The Benefits of Yoga

The Benefits of Yoga

Originating in India, around 5000 years ago, yoga is a form of exercise that focuses on flexibility, strength and breathing. According to a national survey conducted in the Yoga Journal and the Yoga Alliance, the number of people practicing yoga in the US alone grew by over 50% from 2012 to 2016. If you’re debating taking up yoga, here are a few of the benefits.

It’s a great way to improve flexibility

Yoga can improve flexibility as holding yoga stretches and poses for a period of time allows muscles to go deeper into the stretch. Yin Yoga tends to hold poses for longer so that the deeper tissues feel the positive effects of the stretches. Vinyasa flow yoga is also said to promote flexibility, as although the poses are not held for as long as those in Yin Yoga, the poses are linked together in flow, which warms the muscles, allowing for a deeper stretch.

It can strengthen the muscles

Yoga is a form of functional fitness. You use both large and small muscles and move in many directions, not just back and forth in one motion. It combines the three elements of muscle growth: passive overload, metabolic stress, and mechanical damage.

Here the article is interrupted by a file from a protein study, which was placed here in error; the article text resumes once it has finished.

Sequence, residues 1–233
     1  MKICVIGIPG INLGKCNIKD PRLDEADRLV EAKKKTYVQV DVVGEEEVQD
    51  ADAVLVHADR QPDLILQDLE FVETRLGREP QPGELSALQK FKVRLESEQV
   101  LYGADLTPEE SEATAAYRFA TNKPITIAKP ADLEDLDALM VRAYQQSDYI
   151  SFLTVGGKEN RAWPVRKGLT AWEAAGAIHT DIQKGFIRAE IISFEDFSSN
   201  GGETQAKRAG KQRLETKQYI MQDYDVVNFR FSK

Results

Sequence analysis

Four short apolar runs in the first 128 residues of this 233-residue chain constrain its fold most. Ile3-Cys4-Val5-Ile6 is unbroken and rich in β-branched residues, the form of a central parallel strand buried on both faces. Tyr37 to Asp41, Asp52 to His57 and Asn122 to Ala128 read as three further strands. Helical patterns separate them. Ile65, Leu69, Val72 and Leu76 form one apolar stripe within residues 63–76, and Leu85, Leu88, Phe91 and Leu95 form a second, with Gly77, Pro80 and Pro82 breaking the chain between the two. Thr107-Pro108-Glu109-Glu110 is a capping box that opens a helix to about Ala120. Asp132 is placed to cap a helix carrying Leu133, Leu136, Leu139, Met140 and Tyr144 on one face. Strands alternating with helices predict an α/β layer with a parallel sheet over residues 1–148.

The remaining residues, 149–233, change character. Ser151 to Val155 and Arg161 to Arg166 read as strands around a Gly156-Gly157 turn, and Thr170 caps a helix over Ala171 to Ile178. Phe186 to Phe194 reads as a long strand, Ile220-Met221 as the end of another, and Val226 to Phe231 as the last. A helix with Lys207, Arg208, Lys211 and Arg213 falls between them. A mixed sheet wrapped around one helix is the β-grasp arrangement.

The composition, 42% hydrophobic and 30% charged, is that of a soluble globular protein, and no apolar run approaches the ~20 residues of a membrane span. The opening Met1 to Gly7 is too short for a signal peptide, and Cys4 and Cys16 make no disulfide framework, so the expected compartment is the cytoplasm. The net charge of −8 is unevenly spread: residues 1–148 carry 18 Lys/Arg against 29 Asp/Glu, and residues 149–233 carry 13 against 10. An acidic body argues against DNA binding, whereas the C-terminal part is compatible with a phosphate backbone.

To explain these in simple terms, progressive overload is when you keep lifting heavier and heavier over a period of time, which your body facilitates by building muscle. Yoga differs slightly in that you’re lifting your body weight, which isn’t going to significantly change week on week, however the increase is in the pose progression.

Metabolic stress is a physiological process that your muscles undergo during exercise and is caused by the accumulation of waste metabolites, it’s that feeling when you think you can’t possibly manage another rep. This process has a positive effect on muscle growth. Vinyasa is great for metabolic stress, as there is no rest between poses, which encourages the build-up of waste metabolites, usually caused by anaerobic respiration.

Mechanical damage involves microscopic tears in the muscle fibres which are caused by the eccentric contractions involved in performing yoga poses. Any yoga pose that involves lowering your body can be eccentric training and you can increase the intensity by slowing your descent.

It can improve your posture

Research has found that yoga exercises can help with bad posture. The spine is the central channel of the nervous system, so it’s crucial to keep your spine healthy and happy. The core integration sequence of yoga exercises helps by building a strong core foundation to support your posture, helping with alignment. Yoga encourages increased awareness of the body through pose positioning and movement.

It’s a brilliant way to de-stress

Yoga is great for clearing the mind as it focuses on breath work, drawing our attention towards our breathing rather than our thoughts, a common practice in meditation. Yoga sessions will usually conclude with five minutes spent relaxing in corpse pose, lying flat on the back, which allows for the release of tension in the mind and the body.

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